In an earlier post on 21st century curricula, I noted the following quote by Dr. Lauren Resnick, one of our nation's most eminent cognitive researchers, writing at the time for the National Academy of Sciences:

The goals of increasing thinking and reasoning ability are old ones for educators. . . . But these goals were part of the high literacy tradition; they did not, by and large, apply to the more recent schools for the masses. Although it is not new to include thinking, problem solving, and reasoning in someone's school curriculum, it is new to include it in everyone's curriculum. It is new to take seriously the aspiration of making thinking and problem solving a regular part of a school program for all of the population . . . It is a new challenge to develop educational programs that assume that all individuals, not just an elite, can become competent thinkers.

Bill Bradley said in a comment:

[UPDATE: Be sure to read the comments below from Bill, Chris, and others]

Including [thinking] skills in education is a fine idea, but ignoring the realities of differing abilities is foolhardy.

DuncecapEffective communication is so strongly associated with intelligence that people who can read teleprompters well are seen as far more intelligent than they actually are and people who can not express themselves effectively are not given due weight.

Identifying key points,breaking down problems, making connections, being able to compare and contrast several different ideas or concepts are not equally distributed skills. They can be improved for almost all people, but educators are not able to just order up a round of smarter people.

It is quite obvious in everyday life that many people are lacking in critical thinking, communication, adaptability, and problem solving skills. I find it difficult to believe that the method of their education is the major, or even significantly contributing factor to that situation.

I started my undergraduate education in 1990, by graduation many of my science and mathematics classmates were working in an industry that had not existed when we began (the World Wide Web), and were in high demand. Why? Because the level of adaptability and problem solving required for the field at the time was rare and highly valued. They would have been creative and excellent problem solvers in any field, there just happened to be a sudden market demand. More market demand will not magically produce more ability.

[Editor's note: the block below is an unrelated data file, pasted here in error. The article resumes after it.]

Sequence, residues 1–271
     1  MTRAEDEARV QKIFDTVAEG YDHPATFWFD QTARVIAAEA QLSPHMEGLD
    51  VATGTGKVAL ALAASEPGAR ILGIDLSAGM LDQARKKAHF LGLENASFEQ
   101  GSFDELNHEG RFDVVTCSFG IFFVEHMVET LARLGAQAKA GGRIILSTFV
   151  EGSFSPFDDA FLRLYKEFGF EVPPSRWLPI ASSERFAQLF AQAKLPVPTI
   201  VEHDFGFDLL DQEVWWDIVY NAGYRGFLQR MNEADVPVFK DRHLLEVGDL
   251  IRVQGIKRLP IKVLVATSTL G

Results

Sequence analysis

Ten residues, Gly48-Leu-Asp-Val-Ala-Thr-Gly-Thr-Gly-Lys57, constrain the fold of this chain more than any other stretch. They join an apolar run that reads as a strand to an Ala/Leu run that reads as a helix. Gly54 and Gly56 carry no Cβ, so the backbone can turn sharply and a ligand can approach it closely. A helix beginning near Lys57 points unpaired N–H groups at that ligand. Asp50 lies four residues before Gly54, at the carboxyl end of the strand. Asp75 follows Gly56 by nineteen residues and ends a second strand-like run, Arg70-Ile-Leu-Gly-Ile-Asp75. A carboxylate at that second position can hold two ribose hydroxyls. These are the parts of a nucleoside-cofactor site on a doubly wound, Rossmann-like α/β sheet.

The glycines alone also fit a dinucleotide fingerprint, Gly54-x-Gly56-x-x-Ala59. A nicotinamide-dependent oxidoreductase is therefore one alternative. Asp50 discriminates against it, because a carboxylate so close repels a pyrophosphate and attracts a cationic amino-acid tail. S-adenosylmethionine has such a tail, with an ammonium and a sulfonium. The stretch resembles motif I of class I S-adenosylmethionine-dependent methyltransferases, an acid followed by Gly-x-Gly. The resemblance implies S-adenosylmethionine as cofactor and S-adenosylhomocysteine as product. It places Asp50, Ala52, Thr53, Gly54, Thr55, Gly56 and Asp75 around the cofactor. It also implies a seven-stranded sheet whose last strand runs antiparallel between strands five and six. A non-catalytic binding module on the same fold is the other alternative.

Here's my vociferous reply:

Bill, isn't it exactly these kinds of beliefs that have held poor and minority children back for decades? If cognitive, sociological, and educational research have taught us anything, it's that 'nurture' is just as important as 'nature' and that notions of intelligence as 'fixed' are both outdated and viciously harmful. We have countless examples of instances where kids that society (and, apparently, you?) have given up on because they're 'just not smart' are quite successful because we've changed the environments around them. Douglas Reeves' 90-90-90 schools, the schools profiled by Chenoweth in 'It's Being Done,' the work done by the Education Trust, etc. all belie the notion that some kids just aren't 'smart' enough. The ones who aren't smart enough are the educators and policymakers who haven't figured out yet – or are unwilling to – reexamine our practices and structures to do what's right for kids. I, and the scientific community at large, emphatically deny your assertion.

Image credit: Not my hat!